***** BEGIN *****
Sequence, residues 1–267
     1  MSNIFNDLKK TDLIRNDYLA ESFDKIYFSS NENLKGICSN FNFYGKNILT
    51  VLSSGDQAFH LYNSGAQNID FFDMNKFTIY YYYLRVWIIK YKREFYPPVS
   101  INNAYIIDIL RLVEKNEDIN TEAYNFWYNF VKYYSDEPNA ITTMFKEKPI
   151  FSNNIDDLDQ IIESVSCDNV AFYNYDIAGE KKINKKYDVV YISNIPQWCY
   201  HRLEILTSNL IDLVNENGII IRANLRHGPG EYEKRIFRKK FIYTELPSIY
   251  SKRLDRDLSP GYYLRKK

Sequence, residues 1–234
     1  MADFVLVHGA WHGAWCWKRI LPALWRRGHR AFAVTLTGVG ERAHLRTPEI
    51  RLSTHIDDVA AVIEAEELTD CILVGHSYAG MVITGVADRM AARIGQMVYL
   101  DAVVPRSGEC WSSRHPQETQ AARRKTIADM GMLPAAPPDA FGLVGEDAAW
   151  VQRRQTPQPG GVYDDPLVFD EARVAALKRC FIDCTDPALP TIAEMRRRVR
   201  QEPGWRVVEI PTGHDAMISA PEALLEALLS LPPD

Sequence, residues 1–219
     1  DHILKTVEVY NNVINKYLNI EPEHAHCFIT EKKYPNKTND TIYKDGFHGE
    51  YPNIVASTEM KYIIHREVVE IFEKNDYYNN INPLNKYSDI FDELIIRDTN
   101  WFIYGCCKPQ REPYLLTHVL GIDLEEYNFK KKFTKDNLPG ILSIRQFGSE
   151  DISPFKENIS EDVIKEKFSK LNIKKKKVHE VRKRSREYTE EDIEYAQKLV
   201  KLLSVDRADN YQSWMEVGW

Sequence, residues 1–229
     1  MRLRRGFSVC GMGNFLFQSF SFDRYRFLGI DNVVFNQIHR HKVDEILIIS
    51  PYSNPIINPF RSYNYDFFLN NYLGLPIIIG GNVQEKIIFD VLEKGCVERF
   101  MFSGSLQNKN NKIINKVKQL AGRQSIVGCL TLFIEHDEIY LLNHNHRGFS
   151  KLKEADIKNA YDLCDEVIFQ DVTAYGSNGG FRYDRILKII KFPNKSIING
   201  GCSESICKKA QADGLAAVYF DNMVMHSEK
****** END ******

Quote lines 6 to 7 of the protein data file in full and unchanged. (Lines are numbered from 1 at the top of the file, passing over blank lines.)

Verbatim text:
   201  HRLEILTSNL IDLVNENGII IRANLRHGPG EYEKRIFRKK FIYTELPSIY
   251  SKRLDRDLSP GYYLRKK